Attitudes of University of Botswana humanities students to mother tongue education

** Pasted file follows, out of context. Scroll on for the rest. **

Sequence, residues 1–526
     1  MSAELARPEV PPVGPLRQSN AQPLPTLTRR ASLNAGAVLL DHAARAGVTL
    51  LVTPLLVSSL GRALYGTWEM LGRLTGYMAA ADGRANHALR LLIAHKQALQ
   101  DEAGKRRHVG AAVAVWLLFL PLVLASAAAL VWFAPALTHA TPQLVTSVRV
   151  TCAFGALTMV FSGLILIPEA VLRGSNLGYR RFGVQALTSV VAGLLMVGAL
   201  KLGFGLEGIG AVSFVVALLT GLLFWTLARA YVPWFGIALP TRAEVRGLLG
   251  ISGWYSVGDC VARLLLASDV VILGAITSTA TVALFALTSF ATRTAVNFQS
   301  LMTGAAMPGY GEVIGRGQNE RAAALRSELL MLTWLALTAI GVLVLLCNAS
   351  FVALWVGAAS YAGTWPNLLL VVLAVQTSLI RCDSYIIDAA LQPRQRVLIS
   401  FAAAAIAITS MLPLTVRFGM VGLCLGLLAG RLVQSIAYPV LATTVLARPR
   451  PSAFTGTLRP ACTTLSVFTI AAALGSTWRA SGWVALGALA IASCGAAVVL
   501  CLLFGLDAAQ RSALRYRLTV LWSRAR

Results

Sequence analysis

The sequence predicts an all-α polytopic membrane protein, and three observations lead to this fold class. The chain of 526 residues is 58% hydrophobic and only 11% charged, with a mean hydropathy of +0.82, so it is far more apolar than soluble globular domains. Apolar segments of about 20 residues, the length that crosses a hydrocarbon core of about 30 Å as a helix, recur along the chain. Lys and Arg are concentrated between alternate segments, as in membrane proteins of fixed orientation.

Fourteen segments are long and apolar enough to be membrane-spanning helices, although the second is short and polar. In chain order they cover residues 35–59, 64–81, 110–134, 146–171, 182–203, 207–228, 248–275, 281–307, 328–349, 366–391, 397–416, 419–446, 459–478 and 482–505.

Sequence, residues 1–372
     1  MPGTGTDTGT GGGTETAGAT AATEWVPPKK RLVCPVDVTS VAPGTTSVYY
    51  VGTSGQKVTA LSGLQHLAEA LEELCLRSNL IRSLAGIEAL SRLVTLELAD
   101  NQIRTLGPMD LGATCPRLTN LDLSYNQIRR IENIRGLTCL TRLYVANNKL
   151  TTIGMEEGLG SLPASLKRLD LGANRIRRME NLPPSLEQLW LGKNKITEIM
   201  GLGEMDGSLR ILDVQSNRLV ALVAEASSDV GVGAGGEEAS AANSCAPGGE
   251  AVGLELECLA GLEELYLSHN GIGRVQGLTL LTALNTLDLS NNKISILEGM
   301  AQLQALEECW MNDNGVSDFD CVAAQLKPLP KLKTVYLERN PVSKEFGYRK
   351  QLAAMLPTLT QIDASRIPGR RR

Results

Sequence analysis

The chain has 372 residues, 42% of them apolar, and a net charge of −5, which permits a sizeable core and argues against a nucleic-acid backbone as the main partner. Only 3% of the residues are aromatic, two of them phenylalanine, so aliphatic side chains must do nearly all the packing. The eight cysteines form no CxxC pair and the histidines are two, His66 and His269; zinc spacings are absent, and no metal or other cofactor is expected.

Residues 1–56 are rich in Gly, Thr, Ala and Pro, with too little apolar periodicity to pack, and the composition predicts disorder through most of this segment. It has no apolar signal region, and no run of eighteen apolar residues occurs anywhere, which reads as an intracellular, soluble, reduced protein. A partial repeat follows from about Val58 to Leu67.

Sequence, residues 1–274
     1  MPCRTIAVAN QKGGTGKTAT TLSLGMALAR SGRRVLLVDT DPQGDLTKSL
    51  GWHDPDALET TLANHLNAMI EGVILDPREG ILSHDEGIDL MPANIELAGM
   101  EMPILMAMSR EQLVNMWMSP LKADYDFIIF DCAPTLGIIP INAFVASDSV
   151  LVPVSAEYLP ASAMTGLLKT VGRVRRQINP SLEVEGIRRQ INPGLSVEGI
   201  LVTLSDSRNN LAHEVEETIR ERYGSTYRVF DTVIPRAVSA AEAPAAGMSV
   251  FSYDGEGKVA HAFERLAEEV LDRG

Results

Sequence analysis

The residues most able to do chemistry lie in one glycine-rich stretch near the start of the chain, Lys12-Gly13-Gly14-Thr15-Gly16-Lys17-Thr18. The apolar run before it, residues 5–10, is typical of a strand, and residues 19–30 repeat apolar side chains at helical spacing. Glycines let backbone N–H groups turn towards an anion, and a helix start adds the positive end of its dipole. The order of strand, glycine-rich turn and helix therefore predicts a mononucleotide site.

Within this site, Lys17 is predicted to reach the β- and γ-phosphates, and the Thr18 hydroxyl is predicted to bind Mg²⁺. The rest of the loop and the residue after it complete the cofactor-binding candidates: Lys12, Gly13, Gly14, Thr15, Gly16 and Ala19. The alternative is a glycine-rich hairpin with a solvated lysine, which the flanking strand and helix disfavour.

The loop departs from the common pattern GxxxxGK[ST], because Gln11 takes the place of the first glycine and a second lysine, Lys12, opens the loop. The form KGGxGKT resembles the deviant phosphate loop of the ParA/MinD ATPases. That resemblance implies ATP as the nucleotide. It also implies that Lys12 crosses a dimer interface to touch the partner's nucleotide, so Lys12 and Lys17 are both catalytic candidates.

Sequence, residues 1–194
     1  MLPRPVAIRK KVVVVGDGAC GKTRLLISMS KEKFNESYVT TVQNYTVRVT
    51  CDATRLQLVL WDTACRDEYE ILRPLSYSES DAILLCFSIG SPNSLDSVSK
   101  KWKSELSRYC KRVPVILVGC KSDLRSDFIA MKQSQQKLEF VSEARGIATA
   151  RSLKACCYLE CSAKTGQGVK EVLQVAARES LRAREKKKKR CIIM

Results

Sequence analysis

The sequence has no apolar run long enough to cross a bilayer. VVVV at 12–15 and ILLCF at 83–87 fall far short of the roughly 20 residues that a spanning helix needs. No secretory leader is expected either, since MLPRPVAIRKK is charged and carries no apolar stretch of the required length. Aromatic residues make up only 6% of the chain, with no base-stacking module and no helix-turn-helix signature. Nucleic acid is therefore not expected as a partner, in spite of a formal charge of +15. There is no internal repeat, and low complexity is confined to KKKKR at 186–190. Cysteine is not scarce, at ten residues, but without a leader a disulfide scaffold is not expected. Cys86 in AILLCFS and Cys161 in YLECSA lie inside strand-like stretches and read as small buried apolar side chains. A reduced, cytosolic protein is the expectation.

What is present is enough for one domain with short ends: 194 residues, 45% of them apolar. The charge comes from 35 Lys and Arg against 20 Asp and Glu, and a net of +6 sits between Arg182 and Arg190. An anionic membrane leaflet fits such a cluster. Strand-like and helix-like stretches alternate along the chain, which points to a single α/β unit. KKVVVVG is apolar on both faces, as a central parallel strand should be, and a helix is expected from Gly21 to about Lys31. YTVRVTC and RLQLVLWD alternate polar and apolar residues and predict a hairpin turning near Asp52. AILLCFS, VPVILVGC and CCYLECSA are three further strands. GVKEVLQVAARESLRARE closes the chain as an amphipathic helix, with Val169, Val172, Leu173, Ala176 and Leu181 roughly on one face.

In 1953, UNESCO advocated for mother tongue education, particularly at primary school level. Many countries took heed of this advocacy. However, Botswana has not yet implemented this at any level. Against this background, this article investigates the attitudes of humanities students at the University of Botswana to the use of mother tongue in university education and the ideologies that shape this. It addresses the question: What are the views of University of Botswana humanities students towards mother tongue education at university? The article specifically asks the following: a) Would you like your university education to be in your mother tongue?; and b) Is the use of English a hindrance to your learning? The data was collected through a questionnaire which 80 students responded to. The study uses Garrrett’s definition of attitude and Wolfram and Schilling-Estes’s conceptualisation of ideology and found that most students are not in favour of mother tongue education. In addition, they do not find English a hindrance to their education. Both views reflect a language ideology grounded in Botswana’s language practices which hold English in high regard at the expense of indigenous languages.